By Dan Lafontaine, RDECOMMay 10, 2012
ABERDEEN PROVING GROUND, Md. (May 10, 2012) -- Soldiers stationed in remote combat outposts face logistics and safety challenges to power their radios, laptops and GPS units.
U.S. Army scientists are researching methods to harness the sun and wind to ease the burdens associated with transporting fossil fuels to dangerous areas.
Marnie de Jong, an electrical engineer with the U.S. Army Research, Development and Engineering Command, is helping to develop renewable-energy based microgrids that work independently of traditional grid power.
Microgrids help to integrate different sources of energy for more efficient use and storage, she said.
"There has been a larger demand from the field for fuel reduction and power in remote locations," de Jong said. "As that demand has increased, we have increased our focus in those areas.
"Microgrids will be able to take solar, wind and batteries and use them together. You can use solar when there is no wind available. Different pieces of the puzzle work better in different places. By making this a solution set, you can take what you need given your location."
To provide alternative power sources to Soldiers in combat, de Jong and her colleagues at RDECOM's Communications--Electronics Research, Development and Engineering Center are developing two systems -- Reusing Existing Natural Energy from Wind and Solar, or RENEWS, and Renewable Energy for Distributed Undersupplied Command Environments, or REDUCE.
EASING LOGISTICS CHALLENGES
CERDEC started work on RENEWS in 2009 under an American Reinvestment and Recovery Act program for photovoltaics in which it partnered with RDECOM's Army Research Laboratory and Natick Soldier Research, Development and Engineering Center. The team has developed RENEWS prototypes and is finishing internal testing, de Jong said.
Units are being sent for operational assessments from Soldiers at the National Training Center in Fort Irwin, Calif., and U.S. Africa Command.
"The RENEWS system is completely renewable energy [with] solar and wind components," de Jong said. "It's meant for smaller, mostly communications systems in very remote locations that are difficult to get to re-supply fuel or [where] it might be dangerous. It would be a self-sustaining system."
RENEWS is designed to power two or three laptops continuously as long as there is power coming daily from the solar panels or wind turbine, she said. The storage component will be able to provide power at peak demand for about five hours when energy is not being generated by the renewable components.
The RENEWS components weight about 100 pounds, and it is stored in two cases weighing about 70 pounds each.
The Army intends the RENEWS and REDUCE systems to be complementary, resulting in power-grid technology that addresses power generation, distribution, load, renewables and storage.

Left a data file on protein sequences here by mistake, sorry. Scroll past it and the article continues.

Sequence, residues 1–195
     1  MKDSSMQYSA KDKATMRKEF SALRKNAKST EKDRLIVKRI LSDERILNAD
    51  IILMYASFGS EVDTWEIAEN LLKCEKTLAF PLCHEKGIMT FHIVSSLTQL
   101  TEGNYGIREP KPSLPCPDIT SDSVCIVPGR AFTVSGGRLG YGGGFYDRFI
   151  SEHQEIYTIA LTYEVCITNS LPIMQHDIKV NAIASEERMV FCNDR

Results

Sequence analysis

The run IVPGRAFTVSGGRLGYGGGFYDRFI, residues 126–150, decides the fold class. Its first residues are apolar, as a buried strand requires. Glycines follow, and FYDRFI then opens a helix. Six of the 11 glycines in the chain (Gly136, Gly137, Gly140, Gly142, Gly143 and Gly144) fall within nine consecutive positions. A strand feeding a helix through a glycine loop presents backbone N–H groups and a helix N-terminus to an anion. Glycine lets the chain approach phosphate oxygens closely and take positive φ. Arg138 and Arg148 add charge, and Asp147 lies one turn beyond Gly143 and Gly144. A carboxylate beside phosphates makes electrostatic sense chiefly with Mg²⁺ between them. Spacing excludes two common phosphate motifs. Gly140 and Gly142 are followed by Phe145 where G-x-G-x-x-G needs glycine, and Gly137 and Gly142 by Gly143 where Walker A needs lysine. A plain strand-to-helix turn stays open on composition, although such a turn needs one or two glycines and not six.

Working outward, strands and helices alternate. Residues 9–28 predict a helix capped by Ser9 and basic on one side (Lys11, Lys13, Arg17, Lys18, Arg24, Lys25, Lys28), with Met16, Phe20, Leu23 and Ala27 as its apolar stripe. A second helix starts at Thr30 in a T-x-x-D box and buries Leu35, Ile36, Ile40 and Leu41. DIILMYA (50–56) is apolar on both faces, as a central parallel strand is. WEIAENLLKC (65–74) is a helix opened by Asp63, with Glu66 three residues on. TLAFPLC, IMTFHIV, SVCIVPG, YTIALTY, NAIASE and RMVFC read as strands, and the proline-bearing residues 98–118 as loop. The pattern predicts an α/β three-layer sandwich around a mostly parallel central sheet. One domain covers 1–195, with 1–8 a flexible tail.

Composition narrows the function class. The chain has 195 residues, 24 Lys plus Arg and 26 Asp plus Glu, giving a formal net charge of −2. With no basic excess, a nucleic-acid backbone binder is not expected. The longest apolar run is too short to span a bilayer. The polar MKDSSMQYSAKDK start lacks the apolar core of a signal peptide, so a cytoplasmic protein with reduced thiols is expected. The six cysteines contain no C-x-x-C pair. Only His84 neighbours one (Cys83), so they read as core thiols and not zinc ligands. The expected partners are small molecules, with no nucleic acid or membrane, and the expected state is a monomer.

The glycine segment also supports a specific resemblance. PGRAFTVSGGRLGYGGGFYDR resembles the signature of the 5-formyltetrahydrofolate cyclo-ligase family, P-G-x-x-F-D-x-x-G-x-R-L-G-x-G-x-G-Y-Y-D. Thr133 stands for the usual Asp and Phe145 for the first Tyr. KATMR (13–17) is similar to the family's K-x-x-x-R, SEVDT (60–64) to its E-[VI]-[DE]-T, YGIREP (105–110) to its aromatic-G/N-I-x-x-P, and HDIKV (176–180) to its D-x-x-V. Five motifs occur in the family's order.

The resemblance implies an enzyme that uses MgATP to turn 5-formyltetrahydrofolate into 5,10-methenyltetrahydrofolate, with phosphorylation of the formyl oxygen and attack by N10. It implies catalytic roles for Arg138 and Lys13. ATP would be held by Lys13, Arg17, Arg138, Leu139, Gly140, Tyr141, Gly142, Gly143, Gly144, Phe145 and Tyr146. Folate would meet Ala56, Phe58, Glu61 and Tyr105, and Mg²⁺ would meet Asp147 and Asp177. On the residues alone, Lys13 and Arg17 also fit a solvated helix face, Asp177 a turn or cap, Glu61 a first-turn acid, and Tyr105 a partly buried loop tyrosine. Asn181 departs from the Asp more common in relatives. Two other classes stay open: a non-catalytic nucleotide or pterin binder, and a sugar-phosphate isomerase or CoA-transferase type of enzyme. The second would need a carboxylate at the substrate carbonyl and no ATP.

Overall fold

A major concern for military logisticians is securing routes for fuel-truck convoys. According to Katherine Hammack, assistant secretary of the Army for installations, environment and technology, said one in 46 convoys suffers a casualty.
"There will be a reduction in fuel that is necessary for regular operations," de Jong said. "That is one of the major concerns in the field in transporting fuel -- logistics and safety. We are working to reduce fuel consumption by supplementing generators with renewable energy sources."
INTEGRATED, INTELLIGENT POWER SYSTEMS
Work on the three-year REDUCE program is in the early stages, de Jong said. It is designed to be towed on a Humvee trailer.
"The key behind the system is the intelligent power management and distribution, as well as the plug and play capability for devices. Automatic-device detection and power distribution make it a network of power systems that is capable of adjusting based on mission demands and needs," she said.
The REDUCE integrates renewables with traditional fossil-fuel generators to reduce consumption. The goal is to ease the Soldier's work by having the system manage all the power.
"The problem with a lot of [Army] systems is that they don't all work together. Pieces from one don't necessarily work with pieces from another," de Jong said. "You can't get two systems to parallel when they're made from different places.
"Under the REDUCE system, we're looking to make that all happen automatically. We [will] have an interface defined for all the systems components such that you don't run into the problem where the different pieces don't work together."
UNBURDENING THE SOLDIER
Scientists and engineers across the Army focus on removing obstacles for Soldiers. By integrating smart power systems, CERDEC's aim is to allow Soldiers to concentrate on their missions instead of monitoring power systems.
"One of the biggest challenges is getting different systems to work together," de Jong said. "It's really frustrating for Soldiers in the field when they just want to use this cable with this battery, and it doesn't work. One of the major technical challenges is having standardization for interfaces and smarts that make all the pieces work seamlessly so the Soldier doesn't have to configure anything.
"Soldiers will appreciate the plug and play capability. They don't need to be an expert in power systems. They can just turn it on, and it gives them situational awareness into their power systems. It will report back to them what is going on and if there is a problem."
REDUCING ENVIROMENTAL IMPACT
The RENEWS and REDUCE systems will also contribute to the Army's goal of increasing energy efficiency and lessening the reliance on fossil fuels, she said.
"Renewable energy solutions are helping to reduce the carbon footprint. They generate energy more efficiently on-site from renewable sources. It's good for the Army, good for the Soldier, and good for the environment," de Jong said.